Marginal Zone Lymphoma Receives ‘Breakthrough Therapy’ Designation


The Food and Drug Administration reserves the breakthrough classification for products that have shown evidence in clinical studies of substantial improvement over existing options.  It is designed to accelerate the development and review of medicines that may treat serious or life-threatening diseases.

The Umbralisib (TGR-1202) drug developed by TG Therapeutics is meant to help adults with marginal zone lymphoma (MZL) who did not respond to at least one anti-CD20 therapy.

Michael S.  Weiss, executive chairman, and Chief Executive Officer stated in a press release: “We look forward to working closely with the FDA to bring Umbralisib, our novel PI3K-delta inhibitor to patients as quickly as possible.  MZL patients who fail initial chemo-immunotherapy are left with limited treatment options.  We believe Umbralisib can play an important role in fulfilling this unmet medical need”.

In their upcoming UNITY-NHL Phase 2b trial, 500 patients are to be assigned randomly to either of three groups: one receiving Umbralisib only; one given Umbralisib plus another CD20 antibody under development by the company, ublituximab; and a last one treating patients with Umbralisib, ublituximab, and the chemotherapy bendamustine.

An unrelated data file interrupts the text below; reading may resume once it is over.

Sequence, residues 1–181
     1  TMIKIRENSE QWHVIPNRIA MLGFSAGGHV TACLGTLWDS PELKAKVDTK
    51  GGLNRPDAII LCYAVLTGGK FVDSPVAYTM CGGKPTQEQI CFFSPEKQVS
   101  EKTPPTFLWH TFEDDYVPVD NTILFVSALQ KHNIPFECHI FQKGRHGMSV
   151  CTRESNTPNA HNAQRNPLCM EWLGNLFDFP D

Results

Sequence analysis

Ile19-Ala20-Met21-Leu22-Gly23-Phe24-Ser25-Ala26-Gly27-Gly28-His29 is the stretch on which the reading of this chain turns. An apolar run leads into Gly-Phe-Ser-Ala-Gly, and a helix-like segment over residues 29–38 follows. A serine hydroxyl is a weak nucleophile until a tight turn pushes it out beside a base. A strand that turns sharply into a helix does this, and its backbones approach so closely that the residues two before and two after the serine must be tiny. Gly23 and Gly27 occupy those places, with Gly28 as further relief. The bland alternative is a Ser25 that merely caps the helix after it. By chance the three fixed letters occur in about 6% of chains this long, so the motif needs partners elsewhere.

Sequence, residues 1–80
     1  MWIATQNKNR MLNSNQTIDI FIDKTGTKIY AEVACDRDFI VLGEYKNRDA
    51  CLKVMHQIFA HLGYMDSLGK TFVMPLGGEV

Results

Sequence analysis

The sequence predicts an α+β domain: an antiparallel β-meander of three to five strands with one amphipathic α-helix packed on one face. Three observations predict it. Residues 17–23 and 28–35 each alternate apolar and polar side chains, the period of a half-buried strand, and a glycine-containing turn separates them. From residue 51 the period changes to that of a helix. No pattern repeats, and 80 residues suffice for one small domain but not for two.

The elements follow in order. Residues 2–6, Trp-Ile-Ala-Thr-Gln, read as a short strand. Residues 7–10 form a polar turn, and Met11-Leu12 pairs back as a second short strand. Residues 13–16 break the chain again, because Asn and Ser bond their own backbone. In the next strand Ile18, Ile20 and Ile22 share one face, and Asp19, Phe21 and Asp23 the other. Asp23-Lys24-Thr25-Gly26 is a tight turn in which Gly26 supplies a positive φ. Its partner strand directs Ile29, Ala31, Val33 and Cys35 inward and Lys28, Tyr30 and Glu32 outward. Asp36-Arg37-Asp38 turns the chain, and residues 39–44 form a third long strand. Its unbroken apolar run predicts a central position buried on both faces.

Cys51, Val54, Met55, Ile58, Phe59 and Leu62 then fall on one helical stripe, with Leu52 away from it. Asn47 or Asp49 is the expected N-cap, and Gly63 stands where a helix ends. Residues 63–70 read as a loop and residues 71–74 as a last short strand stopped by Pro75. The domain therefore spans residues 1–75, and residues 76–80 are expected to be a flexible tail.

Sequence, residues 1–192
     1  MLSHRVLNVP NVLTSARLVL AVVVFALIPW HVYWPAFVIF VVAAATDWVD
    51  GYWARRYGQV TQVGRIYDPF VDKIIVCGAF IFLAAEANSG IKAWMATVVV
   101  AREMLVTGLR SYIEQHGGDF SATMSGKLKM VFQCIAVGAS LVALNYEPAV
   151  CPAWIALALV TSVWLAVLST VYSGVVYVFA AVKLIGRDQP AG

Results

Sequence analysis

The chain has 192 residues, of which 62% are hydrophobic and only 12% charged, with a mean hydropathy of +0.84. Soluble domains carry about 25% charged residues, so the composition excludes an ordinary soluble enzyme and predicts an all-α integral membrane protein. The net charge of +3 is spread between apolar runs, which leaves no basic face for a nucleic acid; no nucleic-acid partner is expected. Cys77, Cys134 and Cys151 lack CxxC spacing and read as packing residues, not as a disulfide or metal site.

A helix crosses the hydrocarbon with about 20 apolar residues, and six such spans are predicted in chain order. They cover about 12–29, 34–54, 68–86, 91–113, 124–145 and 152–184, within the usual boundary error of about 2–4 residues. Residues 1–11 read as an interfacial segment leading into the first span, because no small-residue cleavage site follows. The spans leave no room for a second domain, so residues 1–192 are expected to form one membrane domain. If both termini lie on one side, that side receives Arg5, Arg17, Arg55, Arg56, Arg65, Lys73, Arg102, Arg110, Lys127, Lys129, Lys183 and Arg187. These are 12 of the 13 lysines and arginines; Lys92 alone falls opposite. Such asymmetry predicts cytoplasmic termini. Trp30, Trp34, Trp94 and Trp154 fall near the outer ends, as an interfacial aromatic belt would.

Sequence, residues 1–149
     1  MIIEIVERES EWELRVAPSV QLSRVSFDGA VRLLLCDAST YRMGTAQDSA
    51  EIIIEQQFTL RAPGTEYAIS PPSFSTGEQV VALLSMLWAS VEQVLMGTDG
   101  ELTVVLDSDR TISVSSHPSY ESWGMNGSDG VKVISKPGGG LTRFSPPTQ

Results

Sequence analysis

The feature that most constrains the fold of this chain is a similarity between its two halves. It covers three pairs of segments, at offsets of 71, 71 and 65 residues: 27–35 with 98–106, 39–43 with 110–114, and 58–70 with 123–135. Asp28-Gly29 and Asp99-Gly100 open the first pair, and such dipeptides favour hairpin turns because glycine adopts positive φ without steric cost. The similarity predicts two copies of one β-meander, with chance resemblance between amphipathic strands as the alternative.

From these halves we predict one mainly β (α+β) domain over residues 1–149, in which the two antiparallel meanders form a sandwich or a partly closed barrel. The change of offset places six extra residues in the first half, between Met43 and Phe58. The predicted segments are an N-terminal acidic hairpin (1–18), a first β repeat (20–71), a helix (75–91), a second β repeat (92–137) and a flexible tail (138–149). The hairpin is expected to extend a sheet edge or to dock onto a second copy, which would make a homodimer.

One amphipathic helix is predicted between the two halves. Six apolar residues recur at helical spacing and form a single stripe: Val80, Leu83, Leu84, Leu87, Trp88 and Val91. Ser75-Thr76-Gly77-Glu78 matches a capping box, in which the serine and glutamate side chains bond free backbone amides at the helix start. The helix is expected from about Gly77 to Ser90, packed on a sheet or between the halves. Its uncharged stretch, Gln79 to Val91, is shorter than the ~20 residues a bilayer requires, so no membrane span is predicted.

The MZL single agent Umbralisib cohort of the UNITY-NHL study is fully enrolled and we look forward to reporting top-line results from this cohort by mid-year and presenting the data at a major medical meeting in 2019,” Weiss said.

Previous studies reported that Umbralisib had a better long-term safety profile than any other equivalent treatments aimed at advanced leukemia and lymphoma patients.

Adverse effects common with other PI3K delta therapies were not frequent among patients treated with Umbralisib.  Furthermore, the treatment can be safely combined with multiple agents to treat lymphoid malignancies.

Marginal zone lymphoma represents a group of slow growing Non-Hodgkin Lymphoma (NHL), accounting for about 8% of all cases.  The average age at diagnosis is 60 years, and it is slightly more common in women than in men.